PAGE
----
ANDREW MARR: And finally, Mr Peres, what is your advice to all those British people and others in there? Should they get out while they can?

SHIMON PERES I think so. I mean it's their decision. I cannot advise them. They know the situation on the spot. What I can tell you is that again we shall continue to be careful not to hit any civilian, British, Lebanese, Arab, we are not fighting against innocent people. But time has come for the British Government and the French and the United States to put pressure upon the Hezbollah to stop: upon Lebanon to take over; upon Syria not to get involved and Iran is making a mockery of the whole world. Whether it is the nuclear issue or the terroristic organisations.

ANDREW MARR: And how long does this particular offensive go on?

SHIMON PERES I hope it will end as soon as possible but I can't tell you. It may reach a matter of days or weeks. I do believe there will be also a parallel to the shooting, an attempt to see what can be done politically. Though I see that the Hezbollah and the Hamas don't respect neither the United Nations, nor the G8, nor the Arab League - nobody, and that's the tragedy of our time. I think many people should say thank heaven that Israel is defending ourselves, otherwise they will win.

ANDREW MARR: Mr Peres, thank you very much indeed for joining us this morning.


Hanan Ashrawi
Hanan Ashrawi

ANDREW MARR: Hanan Ashrawi is a former Palestinian negotiator and cabinet minister and one of the most seasoned observers of events in the region.

She joins me now from Ramallah.

Thank you for joining me.

What prospect do you think there is of Hamas evolving into a normal government that Israel could do business with?

HANAN ASHRAWI Well actually there were very clear signs of the politicisation of Hamas and the evolution of Hamas into a political party by joining the democratic process by entering elections and winning those elections and beginning to work institutionally.

The problem is that Israel, despite Hamas' unilateral ceasefire for the last 16 months did not stop at any point from its policies of assassinations, incursions, killings, demolitions, shelling and so on. Therefore it continued to provoke Hamas and provoke other militant groups in order to resort to violence. Unfortunately ...

ANDREW MARR: Sorry, I was going to ask, as a former peace negotiator yourself, how seriously do you take this particular episode? Are we on the edge of a more general war in the Middle East now?

HANAN ASHRAWI Yes, I think you are seeing a very hysterical, irresponsible and dangerous policy on the part of Israel. It seems to think that a failed policy of violence and destruction, dealing death and destruction to the Palestinians and Lebanese can be made to succeed if they do more of the same. This is just a failed policy and it seems to me that Israel is liable to draw the whole region into further instability and further violence. This is a war largely against civilians.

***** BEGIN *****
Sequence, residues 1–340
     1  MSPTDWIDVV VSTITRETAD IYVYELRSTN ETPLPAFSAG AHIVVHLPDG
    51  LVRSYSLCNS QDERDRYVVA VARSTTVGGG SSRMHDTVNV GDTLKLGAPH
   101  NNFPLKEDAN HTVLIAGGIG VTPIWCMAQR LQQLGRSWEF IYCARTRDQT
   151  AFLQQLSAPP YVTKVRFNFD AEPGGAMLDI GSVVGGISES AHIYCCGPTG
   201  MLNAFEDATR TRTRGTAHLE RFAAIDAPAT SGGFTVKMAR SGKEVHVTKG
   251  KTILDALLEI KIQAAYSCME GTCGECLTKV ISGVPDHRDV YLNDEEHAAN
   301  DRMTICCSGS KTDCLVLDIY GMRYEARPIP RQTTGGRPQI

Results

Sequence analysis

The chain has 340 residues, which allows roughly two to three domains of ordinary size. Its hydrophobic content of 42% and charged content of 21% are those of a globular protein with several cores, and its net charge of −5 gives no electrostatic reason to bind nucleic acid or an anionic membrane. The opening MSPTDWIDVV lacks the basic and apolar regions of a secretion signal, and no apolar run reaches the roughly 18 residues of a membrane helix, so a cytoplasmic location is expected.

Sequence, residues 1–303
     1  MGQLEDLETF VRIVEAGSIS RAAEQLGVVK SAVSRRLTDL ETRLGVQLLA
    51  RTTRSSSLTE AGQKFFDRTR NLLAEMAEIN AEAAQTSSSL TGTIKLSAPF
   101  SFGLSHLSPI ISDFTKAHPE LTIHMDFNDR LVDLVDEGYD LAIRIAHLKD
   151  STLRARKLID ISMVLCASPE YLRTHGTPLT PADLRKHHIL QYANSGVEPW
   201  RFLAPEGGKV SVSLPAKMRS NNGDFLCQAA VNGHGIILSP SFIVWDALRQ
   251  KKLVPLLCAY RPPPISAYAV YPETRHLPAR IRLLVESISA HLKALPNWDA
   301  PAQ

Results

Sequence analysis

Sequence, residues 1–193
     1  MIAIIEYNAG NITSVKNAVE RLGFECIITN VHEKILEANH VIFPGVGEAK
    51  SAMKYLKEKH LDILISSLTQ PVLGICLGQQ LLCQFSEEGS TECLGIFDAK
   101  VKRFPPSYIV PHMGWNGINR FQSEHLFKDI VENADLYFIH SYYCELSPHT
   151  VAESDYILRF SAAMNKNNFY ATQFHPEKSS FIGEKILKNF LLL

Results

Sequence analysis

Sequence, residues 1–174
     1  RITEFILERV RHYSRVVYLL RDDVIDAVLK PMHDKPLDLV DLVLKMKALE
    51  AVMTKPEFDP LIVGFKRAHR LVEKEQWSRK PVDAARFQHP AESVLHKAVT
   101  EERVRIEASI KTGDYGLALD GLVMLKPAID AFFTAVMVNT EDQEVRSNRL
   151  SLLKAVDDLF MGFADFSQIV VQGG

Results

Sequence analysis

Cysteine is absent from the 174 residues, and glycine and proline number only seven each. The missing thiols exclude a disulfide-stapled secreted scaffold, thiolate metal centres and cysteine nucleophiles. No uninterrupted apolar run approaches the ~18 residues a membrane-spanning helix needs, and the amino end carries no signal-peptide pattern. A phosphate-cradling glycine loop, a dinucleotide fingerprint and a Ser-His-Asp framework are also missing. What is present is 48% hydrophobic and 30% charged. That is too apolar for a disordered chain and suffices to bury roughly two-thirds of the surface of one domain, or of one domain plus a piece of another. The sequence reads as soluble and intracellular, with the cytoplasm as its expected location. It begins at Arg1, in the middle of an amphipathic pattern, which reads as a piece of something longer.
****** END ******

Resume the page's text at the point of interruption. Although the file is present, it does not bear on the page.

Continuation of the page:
This is a war against a captive Palestinian population in Gaza with no electricity, no water, with a humanitarian disaster situation being deliberately inflicted on a civilian population and at the same time they're punishing the Lebanese people as a whole for the abduction of Hezbollah, given the context that Israel has acted with utter lawlessness and with utter impunity in cases of abductions and assassinations. And therefore it introduced this kind of logic into the region.

ANDREW MARR: But Hanan Ashwari, is none the less the case that northern Israel has been suffering a hail of rockets from southern Lebanon and they can't be expected to do nothing about it.

HANAN ASHRAWI Well the hail of rockets started after the Israeli attacks. I mean let's not confuse the chicken and the egg situation. Anyway, the context of everything is the occupation itself. So long as Israel is occupying Palestinian territory and some Lebanese territory, then it has to expect responses. It cannot claim self defence when it is an occupier and it gives itself the right to inflict any type of collective punishment and destruction on the people under occupation. So now it's saying that it's subject to rockets.

Yes, Hezbollah has been firing rockets into Israel, but Hezbollah has been doing measured responses in relation to Israeli escalations. Israel has been ... I was in Lebanon two weeks ago. This is a country that is attempting to rise out of the ashes. These are people who are trying to live again after decades of death and destruction. Now we see them being bombed and shelled, back into a situation of utter despair and hopelessness. This is unconscionable.

Over 100 Lebanese people were killed and they are all innocent civilians. The homes that were demolished, the whole residential areas, the bridges, the roads, the highways, the power stations, the airports. These do not have Hezbollah labels on them contrary to what Shimon Peres says. These all belong to the Lebanese people in the same way as the Palestinian economy, Palestinian lives and Palestinian institutions belong to all the Palestinian people. They do not belong only to Hamas.

ANDREW MARR: Hanan Ashrawi, thank you very much indeed for that.


NB: this transcript was typed from a recording and not copied from an original script.

Because of the possibility of mis-hearing and the difficulty, in some cases, of identifying individual speakers, the BBC cannot vouch for its accuracy